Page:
Lately it occurs to me…

Markup pure-ists are dead

There used to be a lot of posts in the blogoshpere arguing for pure html functionality. According to the pure-ists, a site was supposed to work fine with just html, and nothing else. The rest (css + javascript) was supposed to “progressively enhance” the site.

I don’t see those posts anymore.  I think they were killed off by jQuery. Seriously. I think a lot of designer-turned-htmlers were freaked out at the prospect of learning javascript. Javascript is, after all, a Turing-complete programming language. You may as well have asked them to learn Java.

jQuery hides all the parts of javascript that scare people. I am embedded among Java programmers, and even they feel good about jQuery. (Dear Java friends: you can learn javascript, you just choose not too. I get it.)

A big tip-off that javascript was secretly the problem: those earlier posts never inveighed against CSS. They seemed to assume, somehow, that CSS was not part of the problem.


CSS sux, but pre-processing will make it okay

Much as jQuery made javascript approachable to the masses, CSS pre-processors like LESS and SASS will make CSS fun. But we’re not there yet. It will be another three years, I think.

When I say that CSS sux, I am not talking about the flaws in the language. Every language has flaws. I refer, instead, to the current notion that true web developers must master all the intricacies of CSS. That includes browser-specific directives, plus the mathematically-inclined properties of gradients and transitions. And they must never, ever, use a table.

LESS and SASS have already covered the obvious blemishes in CSS. I think they will eventually go farther, as jQuery did for javascript libraries, and make complicated things easy.


Java is dead, long-live Java

I am forced to work with Java again, and I find that a sound language is now strained to the breaking point. Java, itself, is still fine, I guess. I’m suspicious of annotations and generics, but whatever. The problem is that working programmers have to gird themselves with a cluster of java technologies: ant, maven, spring, jboss, eclipse, hibernate, ehcache, junit, and more. It does not surprise me that when recent college graduates found startups, they choose Ruby or PHP instead. (And now, javascript on node.js.)

Java has peered over this cliff before. That’s when the POJO movement, Java’s punk rock moment, won back mindshare for a kinder, simpler java. It could happen again.

Obviously, there are a lot of high-volume sites, and enterprise back-ends, that rely on Java. And they aren’t going to change. But that just makes Java a legacy language. There were lots of COBOL jobs through the 1990s. But we knew which way the wind was blowing.

Also, Java is the official (and only) language of Android. That should keep it relevant for a long time.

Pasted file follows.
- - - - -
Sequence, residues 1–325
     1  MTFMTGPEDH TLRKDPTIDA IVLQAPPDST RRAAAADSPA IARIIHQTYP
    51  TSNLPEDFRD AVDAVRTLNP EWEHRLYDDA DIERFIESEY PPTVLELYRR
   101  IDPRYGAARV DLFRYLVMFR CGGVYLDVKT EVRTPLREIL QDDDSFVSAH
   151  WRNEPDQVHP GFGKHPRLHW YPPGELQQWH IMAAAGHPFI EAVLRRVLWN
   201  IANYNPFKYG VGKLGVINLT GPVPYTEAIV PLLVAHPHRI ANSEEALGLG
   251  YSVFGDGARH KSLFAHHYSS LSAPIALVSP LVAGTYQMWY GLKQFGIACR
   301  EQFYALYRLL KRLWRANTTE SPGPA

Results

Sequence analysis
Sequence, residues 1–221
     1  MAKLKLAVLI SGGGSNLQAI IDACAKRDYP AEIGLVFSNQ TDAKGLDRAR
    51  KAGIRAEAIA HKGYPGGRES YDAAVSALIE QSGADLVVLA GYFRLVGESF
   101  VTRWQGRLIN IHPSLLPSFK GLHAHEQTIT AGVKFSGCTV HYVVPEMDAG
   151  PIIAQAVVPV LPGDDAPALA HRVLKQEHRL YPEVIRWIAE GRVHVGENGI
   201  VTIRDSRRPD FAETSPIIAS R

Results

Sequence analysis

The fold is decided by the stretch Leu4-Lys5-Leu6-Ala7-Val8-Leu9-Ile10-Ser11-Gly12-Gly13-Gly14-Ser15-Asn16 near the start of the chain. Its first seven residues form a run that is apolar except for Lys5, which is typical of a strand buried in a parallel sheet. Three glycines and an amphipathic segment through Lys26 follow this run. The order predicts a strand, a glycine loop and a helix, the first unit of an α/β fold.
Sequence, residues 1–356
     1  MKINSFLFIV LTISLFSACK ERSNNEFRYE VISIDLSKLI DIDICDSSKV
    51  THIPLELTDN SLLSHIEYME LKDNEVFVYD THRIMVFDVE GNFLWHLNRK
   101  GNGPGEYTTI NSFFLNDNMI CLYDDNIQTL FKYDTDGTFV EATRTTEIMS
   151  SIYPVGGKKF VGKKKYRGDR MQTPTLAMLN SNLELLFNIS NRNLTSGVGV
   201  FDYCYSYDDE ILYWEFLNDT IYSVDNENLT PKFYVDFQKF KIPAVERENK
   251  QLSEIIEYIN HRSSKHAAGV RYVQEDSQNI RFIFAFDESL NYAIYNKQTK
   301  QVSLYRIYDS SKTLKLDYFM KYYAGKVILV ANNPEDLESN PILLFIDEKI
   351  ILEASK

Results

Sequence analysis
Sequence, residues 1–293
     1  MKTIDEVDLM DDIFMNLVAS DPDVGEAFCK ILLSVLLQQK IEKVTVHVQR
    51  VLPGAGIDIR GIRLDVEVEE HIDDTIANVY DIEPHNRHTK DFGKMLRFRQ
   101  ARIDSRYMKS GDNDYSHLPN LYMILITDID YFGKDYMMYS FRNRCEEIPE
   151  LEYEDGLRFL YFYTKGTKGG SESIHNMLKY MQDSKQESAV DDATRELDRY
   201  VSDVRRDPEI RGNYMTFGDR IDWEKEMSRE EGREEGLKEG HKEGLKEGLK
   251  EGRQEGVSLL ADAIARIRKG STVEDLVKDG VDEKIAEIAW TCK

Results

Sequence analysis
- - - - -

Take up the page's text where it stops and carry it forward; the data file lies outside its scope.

The fate of javascript is unclear

Now that I’ve trolled my java friends, let me throw them a bone: I’m also worried about the fate of my beloved javascript. Javascript could rise and become the dominant language of the next 20 years. Or it could be gone in 10.


There are 4 dominant browsers, and they will never collectively agree to embed a new language runtime. So javascript will forever remain the common denominator of web development.

Native apps for devices are selling well these days. But I have to believe that developers are unhappy about: 30% tax on sales, lack of ubiquity, and potential gating. They will constantly strive to move users to web apps, which can only be written in javascript.

Node.js is a super attractive environment. Server-side development will increasingly flock there, which means javascript everywhere.

Javascript is evolving. The Ecmascript standards effort is adding language features. And there is vigorous work on libraries and frameworks.


Coffeescript, Typescript, Dart, and others prove that: 1) there is a demand for alternatives; and 2) “compiling” to javascript may actually work. I am unpleasantly surprised at how popular Coffeescript has become in the startup community. I don’t think it’s poised for a breakout of its own. But I acknowledge that it demonstrates a deep current of dissatisfaction inside the javascript community’s cognoscenti.

Ecmascript evolution is proving to be both a blessing, and a curse. There are a number of proposed or planned language “enhancements” that, IMHO, make javascript even less approachable. This is not going to help adoption of the language.

It’s possible, though increasingly unlikely, that another language will emerge. Dart seems to be hitting the right marks: classical inheritance, optional type declaration, compiles to javascript, has own runtime. But I don’t see any uptake.


On language wars

A decade ago, I was a hardcore TCL programmer, looking for the next language to hitch my wagon to. In the end, I split the difference: javascript and PHP. It looks like those choices are going to play out in the long haul.

Actionscript, JavaFX, Python, Ruby, and Scala all gave me a scare a some point. But nothing ever crossed the chasm. I ride with the herd, and my herd is still strong.

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